Tom is correct, people simply do not stop when making a right turn. Recognizing that, traffic lights or road realignment won't fix the problem. Poor driving habits aren't limited to right turns either. It's not uncommon for vehicles on BPR to ignore the light at Scotland Avenue/East Wharf Road during the evening hours. I can recall two accidents with fatalities that have occurred in the vicinity of the Neck Road area and neither was at the intersection. One occurred along the straight section of BPR east of the Neck Road. How do you overcome driver error?
Matt January 25, 2012 at 09:31 PM
Colleen & Sean, I stand corrected on the bike accident. I was under the impression that the truck was on RT1 and simply ran you over while passing by you. The two incidents are clearly related to one another in this case now. I would say nearly all of the incidents of me having to "take evasive action" in my 150 miles a week on my bike is people nosing out passed a stop sign or light. Not that people are blowing the lights or stop signs. But that they are nosing passed them up to the main road to get a better view. It's habit that everyone does. I'm slamming on my brakes for the noses of cars sticking out all the time. However, when the driver does see me, they are usually started and feel terrible about. They're not trying to drive stupidly, its just how everyone drives. Now in your case, it sounds like the driver was making a right, looked to see no cars coming and looked right over/passed you. Seen it, dodged it, hate it. Unfortunately, I don't think a traffic light would have helped you. People planning to make a right turn at a controlled intersection will do the same thing whether it is a red light or a stop sign. They both have the same meaning and procedure as far as right turns go. If they'll roll passed a stop sign to make what appears to be a clear right turn, they'll do it to a red light too. I watch them do it every day. I don't think there is any way to prevent it. The only defense is assuming everyone is planning to run you over.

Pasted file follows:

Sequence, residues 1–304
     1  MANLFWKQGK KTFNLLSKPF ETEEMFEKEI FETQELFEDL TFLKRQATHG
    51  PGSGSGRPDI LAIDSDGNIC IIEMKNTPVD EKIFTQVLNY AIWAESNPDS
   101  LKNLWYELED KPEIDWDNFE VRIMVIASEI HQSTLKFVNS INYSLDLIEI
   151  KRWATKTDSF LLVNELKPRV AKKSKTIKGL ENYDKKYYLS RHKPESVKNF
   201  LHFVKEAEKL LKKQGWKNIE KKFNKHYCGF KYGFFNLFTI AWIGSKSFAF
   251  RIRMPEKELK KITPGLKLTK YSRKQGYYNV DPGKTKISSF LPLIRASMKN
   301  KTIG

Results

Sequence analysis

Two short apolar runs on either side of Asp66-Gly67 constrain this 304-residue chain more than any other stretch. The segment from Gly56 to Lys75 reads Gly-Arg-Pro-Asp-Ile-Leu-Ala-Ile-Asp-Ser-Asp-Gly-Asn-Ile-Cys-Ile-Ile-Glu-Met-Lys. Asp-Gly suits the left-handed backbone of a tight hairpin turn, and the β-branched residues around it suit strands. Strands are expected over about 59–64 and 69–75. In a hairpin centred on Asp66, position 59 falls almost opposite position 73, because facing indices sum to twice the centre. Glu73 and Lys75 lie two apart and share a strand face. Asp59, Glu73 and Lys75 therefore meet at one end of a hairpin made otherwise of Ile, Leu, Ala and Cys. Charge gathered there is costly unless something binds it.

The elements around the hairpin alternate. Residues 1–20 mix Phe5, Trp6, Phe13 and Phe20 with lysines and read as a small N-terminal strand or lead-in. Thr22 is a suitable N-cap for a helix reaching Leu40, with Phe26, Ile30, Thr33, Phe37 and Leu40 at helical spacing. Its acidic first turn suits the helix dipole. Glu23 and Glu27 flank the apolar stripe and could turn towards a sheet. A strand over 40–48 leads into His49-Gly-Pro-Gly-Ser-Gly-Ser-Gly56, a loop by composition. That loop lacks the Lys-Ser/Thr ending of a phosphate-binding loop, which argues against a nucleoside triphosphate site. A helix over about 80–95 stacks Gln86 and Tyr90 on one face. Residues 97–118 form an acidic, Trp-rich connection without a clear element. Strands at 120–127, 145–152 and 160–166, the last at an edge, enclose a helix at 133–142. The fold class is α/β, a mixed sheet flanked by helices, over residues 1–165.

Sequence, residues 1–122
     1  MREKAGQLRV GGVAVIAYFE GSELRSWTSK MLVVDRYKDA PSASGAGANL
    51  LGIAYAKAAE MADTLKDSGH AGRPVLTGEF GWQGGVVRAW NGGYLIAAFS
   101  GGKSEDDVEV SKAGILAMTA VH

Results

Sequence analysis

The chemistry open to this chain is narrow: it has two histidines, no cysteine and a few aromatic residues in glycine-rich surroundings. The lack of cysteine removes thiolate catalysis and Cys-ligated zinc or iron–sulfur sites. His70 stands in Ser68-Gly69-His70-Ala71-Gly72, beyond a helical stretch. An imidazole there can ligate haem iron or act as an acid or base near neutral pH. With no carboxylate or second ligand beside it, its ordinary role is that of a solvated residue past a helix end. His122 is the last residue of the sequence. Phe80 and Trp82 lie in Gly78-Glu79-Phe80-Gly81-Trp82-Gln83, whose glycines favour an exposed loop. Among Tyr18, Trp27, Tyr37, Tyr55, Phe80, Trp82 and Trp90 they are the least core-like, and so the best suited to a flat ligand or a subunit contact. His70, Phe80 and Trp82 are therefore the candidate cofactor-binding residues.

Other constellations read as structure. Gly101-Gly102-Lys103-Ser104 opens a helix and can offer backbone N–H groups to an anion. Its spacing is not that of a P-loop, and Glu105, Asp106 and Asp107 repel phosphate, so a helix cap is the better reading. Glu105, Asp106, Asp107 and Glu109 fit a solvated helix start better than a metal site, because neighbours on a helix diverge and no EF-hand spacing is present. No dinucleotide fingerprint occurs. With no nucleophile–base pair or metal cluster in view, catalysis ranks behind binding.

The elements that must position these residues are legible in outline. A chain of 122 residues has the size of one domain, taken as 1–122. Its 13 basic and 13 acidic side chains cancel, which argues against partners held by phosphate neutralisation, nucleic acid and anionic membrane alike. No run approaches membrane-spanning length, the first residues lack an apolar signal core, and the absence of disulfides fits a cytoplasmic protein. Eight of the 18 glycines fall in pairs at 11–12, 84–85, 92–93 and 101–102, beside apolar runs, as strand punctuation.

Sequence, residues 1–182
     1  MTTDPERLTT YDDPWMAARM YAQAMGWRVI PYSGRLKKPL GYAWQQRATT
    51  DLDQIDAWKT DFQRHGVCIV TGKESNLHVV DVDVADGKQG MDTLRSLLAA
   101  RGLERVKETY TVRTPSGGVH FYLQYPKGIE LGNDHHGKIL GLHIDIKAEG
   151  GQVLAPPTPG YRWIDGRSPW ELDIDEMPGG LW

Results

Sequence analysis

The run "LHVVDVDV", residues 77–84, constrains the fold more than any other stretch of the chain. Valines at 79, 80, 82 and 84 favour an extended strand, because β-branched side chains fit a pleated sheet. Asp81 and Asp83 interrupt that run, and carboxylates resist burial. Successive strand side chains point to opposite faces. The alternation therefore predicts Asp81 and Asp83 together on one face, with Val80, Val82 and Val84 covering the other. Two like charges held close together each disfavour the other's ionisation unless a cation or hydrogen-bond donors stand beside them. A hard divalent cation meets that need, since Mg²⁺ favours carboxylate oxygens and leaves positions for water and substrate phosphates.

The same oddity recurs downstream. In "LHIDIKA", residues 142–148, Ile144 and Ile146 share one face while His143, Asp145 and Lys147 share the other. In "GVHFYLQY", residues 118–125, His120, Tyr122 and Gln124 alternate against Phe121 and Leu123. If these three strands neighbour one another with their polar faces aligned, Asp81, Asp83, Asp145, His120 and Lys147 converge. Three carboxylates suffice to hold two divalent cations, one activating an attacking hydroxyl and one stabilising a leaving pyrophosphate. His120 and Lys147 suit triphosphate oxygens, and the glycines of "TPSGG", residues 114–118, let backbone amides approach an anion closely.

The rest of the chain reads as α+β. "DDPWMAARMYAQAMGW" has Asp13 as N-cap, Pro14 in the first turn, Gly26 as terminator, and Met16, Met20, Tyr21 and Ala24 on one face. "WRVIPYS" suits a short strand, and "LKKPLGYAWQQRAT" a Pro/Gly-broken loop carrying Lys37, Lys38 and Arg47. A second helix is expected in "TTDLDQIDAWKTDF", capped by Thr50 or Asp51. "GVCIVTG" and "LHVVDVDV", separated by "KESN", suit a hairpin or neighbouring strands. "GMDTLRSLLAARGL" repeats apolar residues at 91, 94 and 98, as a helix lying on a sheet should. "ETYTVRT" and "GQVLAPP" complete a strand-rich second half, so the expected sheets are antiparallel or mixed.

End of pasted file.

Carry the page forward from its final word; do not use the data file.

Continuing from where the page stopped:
Janet January 26, 2012 at 02:12 AM
Yes, unfortunately a driver who rolls through a stop sign will likely also roll through a red light to make a right.
Janet January 26, 2012 at 02:16 AM
High taxes due to the swamp land and ALSO the fact that town officials who refuse to insist that the BOE cut budgets even though enrollment has declined drastically and will continue to do so.
Abigail January 27, 2012 at 06:48 PM
Matt- Whom ever you are- I think you aren't seeing the point. Or just saying you "feel" for her.. when In all actuality you don't. NO one feels for Colleen except Colleen.. and others that have been run over by a truck.. This intersection may have been deemed safe many years ago with lower speed limits and less traffic. I believe that many factors make this intersection unsafe including a hill coming up to it, several turns that are not at a right angle, and traffic also coming out of the small shopping area. Please do not continue to argue the point which you can’t completely disagree with. A traffic light will FORCE people to slow down. And yes some people will turn right on red and run traffic lights. But engineering can make intersections like this safer.. I'm not saying we will save every life that comes to a crash at this intersection, but by lowering the speed limit and putting a light in their chances of survival may increase.
Valerie Leeds January 27, 2012 at 08:56 PM
Sadly, even if people organize and are vocal, getting a red light takes a ridiculous amount of time. There was series of accidents on Rte. 17 in Durham, at the intersection of Pickett Lane by the middle school. In 2007 people organized and protested, so in 2008 the state started studying the traffic there; the study was completed in 2010, money approved in 2011, announced last week (2012), and it will be installed in April, 2013!!!! Remember Rte 1 and Rte 17 are state roads. But Neck Road is a town road, and if enough people complained we might be able to get the two legs that connect with Rte 1 to be one way. It should also be a reasonable and affordable fix to have one clearly marked entrance and another exit to the small strip plaza, like CVS has. This is just signage, spray paint and some minor paving work for curb cuts. That could be accomplished in a few months, not years, for a couple of thousand dollars. That would not even be a blip on our taxes.
Matt January 27, 2012 at 09:23 PM
I'm seeing the point exactly and I do feel for her. Apparently you're the one that doesn't see the point??
Colleen Kelly Alexander January 30, 2012 at 10:27 PM
For clarification. This is not about the Town of Madison.. The town has a stop sign there, it is not the fault of the town. The intersection is dangerous BECAUSE people are not being cautious. If drivers paid attention and stopped, accidents would decline. It is due to human error that this accident occurred. The bottom line is that drivers have to be cautious and follow the law and always be aware.. and cyclists must follow the same rules that cars follow if they are to be on the roadways. I was following all of the rules.